NEWS FROM THE CELTIC LEAGUE
Almost twenty years ago the Isle of Man found itself involved in allegations of arms trading by companies registered here in Africa .
It would not be the first time such allegations were found to have substance and sadly it would not be the last.
However, this embroilment of the Isle of Man in events in Central Africa had truly horrific consequences as it was revealed in 1996 that a Manx registered company had been involved in the supply of weapons which had helped fuel the Rwanda Genocide:
No one was ever prosecuted because a UN arms embargo had not been extended by the United Kingdom to the dependencies.
The Isle of Man government heaved a sigh of relief and within a few years the Island was again involved in a new scandal involving weapons destined for an equally bloody conflict in South Sudan . Indeed as we revealed recently in CL News just five years ago we were the focus of attention over shipping being used to deliver arms into the Middle East .
The Rwanda conflict and its consequences however were truly horrendous and knowing the propensity of governments to ‘lose’ embarrassing records we have asked the current Manx Chief Minister to ensure that any Manx records of this event (there were enquiries at the time and exchanges with the United Kingdom government) are not lost from the historical record.
It would be a double betrayal of the people of Rwanda if important records were denied to those who may wish to research this tragedy.
A copy of our letter is set out below together with related links to this and other Manx arms related scandals:
“The Chief Minister
Allan Bell MHK
Chief Minister Office
Isle of Man
9th June 2015
Dear Chief Minister,
The Rwanda Genocide which occurred 22 years ago was one of the swiftest and sustained genocidal acts of the twentieth century happening as it did in just 100 days and costing the lives of an estimated 500,000 and 1,000,000 people, mainly members of the Tutsi community in that country.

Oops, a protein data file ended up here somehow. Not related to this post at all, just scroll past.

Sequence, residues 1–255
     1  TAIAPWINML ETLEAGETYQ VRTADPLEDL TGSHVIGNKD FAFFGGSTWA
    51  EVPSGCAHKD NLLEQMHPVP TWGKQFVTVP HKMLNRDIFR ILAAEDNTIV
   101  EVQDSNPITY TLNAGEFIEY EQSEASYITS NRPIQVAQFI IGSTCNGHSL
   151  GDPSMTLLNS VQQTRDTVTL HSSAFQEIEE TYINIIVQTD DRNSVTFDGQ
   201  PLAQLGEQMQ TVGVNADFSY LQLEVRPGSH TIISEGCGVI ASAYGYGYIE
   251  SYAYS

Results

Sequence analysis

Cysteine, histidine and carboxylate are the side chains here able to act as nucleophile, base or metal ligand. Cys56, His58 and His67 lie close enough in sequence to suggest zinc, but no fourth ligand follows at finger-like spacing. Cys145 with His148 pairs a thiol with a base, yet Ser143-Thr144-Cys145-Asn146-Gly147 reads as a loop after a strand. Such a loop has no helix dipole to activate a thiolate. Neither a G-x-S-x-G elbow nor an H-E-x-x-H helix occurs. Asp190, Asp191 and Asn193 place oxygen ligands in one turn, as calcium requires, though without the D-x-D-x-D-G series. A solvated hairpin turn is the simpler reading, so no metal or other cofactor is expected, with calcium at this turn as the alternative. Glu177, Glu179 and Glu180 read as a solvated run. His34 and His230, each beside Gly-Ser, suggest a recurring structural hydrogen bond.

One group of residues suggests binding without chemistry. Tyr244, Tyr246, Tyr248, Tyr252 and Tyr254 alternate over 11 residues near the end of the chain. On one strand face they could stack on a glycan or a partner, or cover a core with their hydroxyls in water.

Next year will be the twentieth anniversary of the revelations made in 1996 that a Manx registered company Mil-Tec Corporation had helped fuel the genocide by supplying large quantities of arms to the rebel Hutu militiamen.
At the time these revelations unfolded the Manx government variously: at first were unable to comment, later promising to co-operate with any enquiry and finally saying no Manx laws had been broken.
It is too late now for the Isle of Man to make amends for its shameful involvement in that episode I do trust that any records of enquiries or documentation on the company and individual were retained and will be lodged securely.
As indicated the Rwanda massacres were one of the most terrible events of the last years of the twentieth century and it is important that any records of this event and companies that helped stoke it are not lost to the historical record.
J B Moffatt (Mr)
pp Celtic League”
Carn Magazine No 96 Winter 1996
CL News January 2001 (Reference sources at conclusion of this article give links to UK and IOM media reports)
J B Moffatt (Mr)
Director of Information
(Please note that replies to correspondence received by the League and posted on CL News are usually scanned hard copies. Obviously every effort is made to ensure the scanning process is accurate but sometimes errors do occur.)
ISSUED BY THE CELTIC LEAGUE INFORMATION SERVICE.
The Celtic League was established in 1961 and has branches in the six Celtic Countries. It works to promote cooperation between these countries and campaigns on a broad range of political, cultural and environmental matters. It highlights human rights abuse, monitors all military activity and focuses on socio-economic issues
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